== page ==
By the time we reached Gallup, the last town in New Mexico before the Arizona border, the snow drifts had faded and red rock bluffs jutted up out of the sandy semi-desert. Flagstaff is nestled on the South side of a cluster of mountains, with Humphrey Peak being the highest point in Arizona
. Even fifty miles out we began to see these peaks on the horizon. We hadn’t seen forested land since we left the central Texas Hill Country yesterday morning, so it was nice to see clusters of Ponderosa Pine become a whole forest as we cruised into Flagstaff, our resting point for the night.
There were lots of spots we would have liked to check out along today’s route—a petrified forest, giant meteor crater, red rock formations—but we resisted the urge to stop. We’re actually less than a hundred miles from the Grand Canyon, but we’ll be visiting it in a couple weeks on our way back to Texas. Tomorrow it is on to Los Angeles!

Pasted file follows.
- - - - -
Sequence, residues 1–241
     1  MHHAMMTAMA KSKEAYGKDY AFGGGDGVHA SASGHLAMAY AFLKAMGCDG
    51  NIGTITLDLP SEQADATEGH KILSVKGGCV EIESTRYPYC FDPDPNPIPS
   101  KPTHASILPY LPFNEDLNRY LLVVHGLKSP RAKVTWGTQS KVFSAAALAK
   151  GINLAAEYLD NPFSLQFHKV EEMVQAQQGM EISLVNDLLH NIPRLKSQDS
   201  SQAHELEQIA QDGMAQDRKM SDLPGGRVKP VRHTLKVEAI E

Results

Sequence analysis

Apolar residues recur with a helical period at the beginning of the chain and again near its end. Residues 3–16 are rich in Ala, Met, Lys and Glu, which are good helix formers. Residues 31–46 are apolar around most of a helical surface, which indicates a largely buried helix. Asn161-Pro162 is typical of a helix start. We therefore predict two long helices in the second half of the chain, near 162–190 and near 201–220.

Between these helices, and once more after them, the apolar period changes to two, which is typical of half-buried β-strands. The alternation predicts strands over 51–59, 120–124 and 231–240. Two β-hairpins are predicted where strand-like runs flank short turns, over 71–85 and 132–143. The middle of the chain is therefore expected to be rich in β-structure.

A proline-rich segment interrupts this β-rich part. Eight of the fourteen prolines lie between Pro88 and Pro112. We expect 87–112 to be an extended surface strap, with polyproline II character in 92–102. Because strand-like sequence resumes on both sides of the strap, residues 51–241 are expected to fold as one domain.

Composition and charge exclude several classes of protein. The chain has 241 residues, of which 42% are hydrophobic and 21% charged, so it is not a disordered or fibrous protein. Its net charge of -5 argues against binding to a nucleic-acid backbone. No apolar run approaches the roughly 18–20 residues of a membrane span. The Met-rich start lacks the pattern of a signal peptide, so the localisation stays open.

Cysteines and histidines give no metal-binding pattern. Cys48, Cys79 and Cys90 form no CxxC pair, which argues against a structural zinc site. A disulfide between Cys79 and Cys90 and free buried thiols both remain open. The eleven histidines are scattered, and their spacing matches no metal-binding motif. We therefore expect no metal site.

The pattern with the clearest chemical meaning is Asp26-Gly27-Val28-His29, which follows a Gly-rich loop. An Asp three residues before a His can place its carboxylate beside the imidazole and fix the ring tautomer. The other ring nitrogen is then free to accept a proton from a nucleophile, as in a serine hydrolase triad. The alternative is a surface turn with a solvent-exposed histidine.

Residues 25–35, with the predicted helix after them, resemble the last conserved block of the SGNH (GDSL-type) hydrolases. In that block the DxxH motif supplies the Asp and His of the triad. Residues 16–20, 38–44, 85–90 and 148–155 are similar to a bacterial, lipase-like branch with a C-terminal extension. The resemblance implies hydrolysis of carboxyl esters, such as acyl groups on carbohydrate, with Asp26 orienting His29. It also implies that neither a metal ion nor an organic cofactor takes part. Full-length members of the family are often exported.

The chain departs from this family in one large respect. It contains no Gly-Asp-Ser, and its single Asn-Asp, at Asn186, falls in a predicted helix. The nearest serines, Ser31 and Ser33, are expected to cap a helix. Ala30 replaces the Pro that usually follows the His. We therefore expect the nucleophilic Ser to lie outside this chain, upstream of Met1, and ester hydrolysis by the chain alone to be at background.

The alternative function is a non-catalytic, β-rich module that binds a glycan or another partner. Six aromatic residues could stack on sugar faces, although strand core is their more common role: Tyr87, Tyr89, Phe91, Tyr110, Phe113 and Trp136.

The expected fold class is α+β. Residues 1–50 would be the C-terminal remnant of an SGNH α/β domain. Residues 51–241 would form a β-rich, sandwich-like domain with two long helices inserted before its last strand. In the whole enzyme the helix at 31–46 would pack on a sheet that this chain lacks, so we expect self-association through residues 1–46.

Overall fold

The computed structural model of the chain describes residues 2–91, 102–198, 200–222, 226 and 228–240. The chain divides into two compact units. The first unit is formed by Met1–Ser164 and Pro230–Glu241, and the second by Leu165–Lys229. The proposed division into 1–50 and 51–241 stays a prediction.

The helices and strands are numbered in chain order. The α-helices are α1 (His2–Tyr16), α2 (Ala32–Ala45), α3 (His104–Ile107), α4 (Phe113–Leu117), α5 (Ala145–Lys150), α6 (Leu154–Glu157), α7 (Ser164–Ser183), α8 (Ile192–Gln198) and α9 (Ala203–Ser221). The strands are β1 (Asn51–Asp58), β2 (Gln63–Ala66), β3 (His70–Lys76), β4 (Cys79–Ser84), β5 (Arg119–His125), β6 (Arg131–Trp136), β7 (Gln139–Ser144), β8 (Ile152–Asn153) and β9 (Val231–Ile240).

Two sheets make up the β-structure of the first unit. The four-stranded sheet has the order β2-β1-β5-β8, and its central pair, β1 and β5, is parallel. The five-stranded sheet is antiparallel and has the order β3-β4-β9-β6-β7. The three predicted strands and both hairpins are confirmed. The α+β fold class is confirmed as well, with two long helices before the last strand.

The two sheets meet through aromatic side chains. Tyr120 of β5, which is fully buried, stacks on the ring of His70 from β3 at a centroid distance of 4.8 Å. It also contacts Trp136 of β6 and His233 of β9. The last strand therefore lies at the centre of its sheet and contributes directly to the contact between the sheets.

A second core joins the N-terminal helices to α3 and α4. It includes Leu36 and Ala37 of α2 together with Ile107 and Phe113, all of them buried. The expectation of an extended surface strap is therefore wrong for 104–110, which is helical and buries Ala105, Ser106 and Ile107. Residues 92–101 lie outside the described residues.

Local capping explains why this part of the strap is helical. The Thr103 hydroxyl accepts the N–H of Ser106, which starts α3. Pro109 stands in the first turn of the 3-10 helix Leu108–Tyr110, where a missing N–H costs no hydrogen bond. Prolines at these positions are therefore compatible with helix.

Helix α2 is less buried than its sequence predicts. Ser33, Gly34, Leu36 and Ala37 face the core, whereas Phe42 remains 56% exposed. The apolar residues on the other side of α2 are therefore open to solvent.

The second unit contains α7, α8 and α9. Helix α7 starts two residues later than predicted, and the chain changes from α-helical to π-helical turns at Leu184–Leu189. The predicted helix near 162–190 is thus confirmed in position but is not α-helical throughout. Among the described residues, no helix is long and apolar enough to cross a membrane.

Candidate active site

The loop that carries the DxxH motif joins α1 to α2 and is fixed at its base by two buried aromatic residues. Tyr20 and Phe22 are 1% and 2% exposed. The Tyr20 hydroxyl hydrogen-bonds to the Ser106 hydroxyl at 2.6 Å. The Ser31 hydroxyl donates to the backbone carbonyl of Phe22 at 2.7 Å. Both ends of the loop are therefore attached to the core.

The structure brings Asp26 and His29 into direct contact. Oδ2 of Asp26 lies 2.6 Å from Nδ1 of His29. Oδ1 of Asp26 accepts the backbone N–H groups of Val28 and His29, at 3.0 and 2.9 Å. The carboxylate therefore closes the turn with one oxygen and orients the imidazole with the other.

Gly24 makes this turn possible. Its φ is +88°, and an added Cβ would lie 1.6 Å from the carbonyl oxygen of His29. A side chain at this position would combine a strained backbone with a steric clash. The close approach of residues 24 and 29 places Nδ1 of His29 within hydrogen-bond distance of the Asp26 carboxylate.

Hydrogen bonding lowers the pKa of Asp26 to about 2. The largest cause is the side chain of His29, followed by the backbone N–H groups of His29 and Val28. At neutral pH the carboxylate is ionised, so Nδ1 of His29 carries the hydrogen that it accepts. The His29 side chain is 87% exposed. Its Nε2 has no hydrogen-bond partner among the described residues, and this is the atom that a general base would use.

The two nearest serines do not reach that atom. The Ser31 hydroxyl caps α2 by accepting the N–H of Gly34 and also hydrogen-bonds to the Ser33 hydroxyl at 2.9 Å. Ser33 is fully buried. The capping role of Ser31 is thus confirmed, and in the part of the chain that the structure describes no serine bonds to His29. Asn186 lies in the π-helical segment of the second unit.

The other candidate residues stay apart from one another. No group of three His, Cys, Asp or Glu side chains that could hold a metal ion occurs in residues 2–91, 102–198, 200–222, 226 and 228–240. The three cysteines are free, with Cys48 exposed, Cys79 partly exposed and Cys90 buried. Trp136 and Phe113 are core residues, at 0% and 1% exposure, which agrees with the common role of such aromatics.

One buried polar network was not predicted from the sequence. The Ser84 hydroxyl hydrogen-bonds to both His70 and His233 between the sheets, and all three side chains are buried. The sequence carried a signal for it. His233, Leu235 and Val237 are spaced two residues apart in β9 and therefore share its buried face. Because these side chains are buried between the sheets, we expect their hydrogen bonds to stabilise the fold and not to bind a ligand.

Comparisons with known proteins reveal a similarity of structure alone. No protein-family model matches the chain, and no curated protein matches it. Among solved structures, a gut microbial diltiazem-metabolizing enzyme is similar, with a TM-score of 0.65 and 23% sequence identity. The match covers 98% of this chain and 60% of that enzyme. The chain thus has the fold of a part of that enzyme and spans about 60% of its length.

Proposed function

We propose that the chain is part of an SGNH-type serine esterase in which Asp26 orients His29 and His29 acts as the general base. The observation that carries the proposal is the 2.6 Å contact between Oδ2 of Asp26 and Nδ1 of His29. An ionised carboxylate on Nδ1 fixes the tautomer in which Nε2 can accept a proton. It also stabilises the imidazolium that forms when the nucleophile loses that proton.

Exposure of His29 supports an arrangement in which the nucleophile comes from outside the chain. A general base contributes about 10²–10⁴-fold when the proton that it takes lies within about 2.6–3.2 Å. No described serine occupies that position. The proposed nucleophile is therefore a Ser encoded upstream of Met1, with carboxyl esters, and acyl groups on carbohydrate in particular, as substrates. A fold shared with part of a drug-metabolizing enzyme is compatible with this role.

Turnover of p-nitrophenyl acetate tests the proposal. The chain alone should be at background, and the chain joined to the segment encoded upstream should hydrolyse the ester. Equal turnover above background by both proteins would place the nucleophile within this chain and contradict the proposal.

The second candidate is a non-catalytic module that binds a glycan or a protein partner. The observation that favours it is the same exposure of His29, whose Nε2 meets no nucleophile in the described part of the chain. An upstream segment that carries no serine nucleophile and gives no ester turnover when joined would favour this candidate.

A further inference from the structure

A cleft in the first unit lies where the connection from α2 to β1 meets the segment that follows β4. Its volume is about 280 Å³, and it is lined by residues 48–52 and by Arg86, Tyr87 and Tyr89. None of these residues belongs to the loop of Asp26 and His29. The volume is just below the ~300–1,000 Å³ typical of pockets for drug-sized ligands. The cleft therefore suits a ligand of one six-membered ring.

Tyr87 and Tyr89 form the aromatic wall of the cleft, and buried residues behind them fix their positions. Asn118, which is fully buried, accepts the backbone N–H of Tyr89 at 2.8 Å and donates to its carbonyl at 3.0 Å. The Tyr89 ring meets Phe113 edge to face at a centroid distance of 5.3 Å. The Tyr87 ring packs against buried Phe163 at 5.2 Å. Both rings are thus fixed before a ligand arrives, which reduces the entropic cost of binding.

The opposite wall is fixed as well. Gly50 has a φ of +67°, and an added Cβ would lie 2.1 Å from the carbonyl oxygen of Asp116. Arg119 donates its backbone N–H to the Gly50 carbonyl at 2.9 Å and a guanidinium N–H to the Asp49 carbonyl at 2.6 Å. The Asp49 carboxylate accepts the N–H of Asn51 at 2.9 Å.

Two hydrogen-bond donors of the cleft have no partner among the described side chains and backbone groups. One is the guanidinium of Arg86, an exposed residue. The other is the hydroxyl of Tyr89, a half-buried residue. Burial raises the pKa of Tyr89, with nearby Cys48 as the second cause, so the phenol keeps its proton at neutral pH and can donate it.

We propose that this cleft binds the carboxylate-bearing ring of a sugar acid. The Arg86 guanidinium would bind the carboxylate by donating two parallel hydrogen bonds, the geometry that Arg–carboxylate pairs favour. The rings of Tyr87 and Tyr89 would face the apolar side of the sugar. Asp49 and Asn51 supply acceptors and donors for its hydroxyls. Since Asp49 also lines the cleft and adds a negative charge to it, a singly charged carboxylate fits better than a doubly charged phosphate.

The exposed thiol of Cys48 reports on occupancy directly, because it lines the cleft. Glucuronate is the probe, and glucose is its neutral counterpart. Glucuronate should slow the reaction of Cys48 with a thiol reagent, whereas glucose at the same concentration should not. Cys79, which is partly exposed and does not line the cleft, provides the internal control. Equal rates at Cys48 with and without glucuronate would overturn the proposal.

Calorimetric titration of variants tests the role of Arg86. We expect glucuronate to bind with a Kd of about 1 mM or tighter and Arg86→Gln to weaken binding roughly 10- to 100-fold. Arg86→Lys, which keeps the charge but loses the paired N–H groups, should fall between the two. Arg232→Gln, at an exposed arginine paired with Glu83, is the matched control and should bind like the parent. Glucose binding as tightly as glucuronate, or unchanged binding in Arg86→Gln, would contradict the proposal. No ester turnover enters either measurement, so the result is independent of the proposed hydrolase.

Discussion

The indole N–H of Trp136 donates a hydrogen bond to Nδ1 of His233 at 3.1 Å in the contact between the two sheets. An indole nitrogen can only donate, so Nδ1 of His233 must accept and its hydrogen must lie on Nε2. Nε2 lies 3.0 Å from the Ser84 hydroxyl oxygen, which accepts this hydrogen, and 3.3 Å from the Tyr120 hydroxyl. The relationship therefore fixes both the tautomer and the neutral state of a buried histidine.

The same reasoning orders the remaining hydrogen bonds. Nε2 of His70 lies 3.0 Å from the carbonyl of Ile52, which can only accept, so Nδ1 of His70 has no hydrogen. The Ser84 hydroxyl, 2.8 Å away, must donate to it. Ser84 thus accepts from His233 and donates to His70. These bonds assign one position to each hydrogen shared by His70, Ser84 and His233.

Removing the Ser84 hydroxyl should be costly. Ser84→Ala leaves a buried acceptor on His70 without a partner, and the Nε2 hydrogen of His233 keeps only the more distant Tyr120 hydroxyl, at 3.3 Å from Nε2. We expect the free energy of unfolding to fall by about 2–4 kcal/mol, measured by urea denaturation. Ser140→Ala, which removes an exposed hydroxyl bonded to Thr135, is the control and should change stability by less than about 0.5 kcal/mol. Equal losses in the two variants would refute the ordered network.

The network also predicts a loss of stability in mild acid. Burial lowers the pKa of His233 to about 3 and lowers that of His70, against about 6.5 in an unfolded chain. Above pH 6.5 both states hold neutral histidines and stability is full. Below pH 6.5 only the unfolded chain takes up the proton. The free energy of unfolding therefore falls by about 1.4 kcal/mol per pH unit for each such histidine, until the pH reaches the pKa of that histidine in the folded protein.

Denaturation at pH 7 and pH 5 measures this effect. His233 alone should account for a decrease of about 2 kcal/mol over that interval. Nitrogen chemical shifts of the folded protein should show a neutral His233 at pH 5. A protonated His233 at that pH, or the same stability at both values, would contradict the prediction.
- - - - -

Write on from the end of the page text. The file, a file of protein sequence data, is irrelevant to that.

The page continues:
Our journey today was due West on Route 40 and it was remarkable the change in scenery we experienced during the eight hour drive. We set off from Palo Duro Canyon right in the middle of the Texas Panhandle which (Canyon aside) is remarkable only for its flat monotonous plains. By the time we crossed the border into New Mexico the flat plains had given way to rolling hills covered in sagebrush and squat juniper trees. The snow capped Sandia Mountains rose in the distance as we approached Albuquerque. There had been a heavy blizzard a couple weeks ago, so the subdued grey-green of the sagebrush landscape was punctuated by drifts of white snow that grew heavier as we headed on West.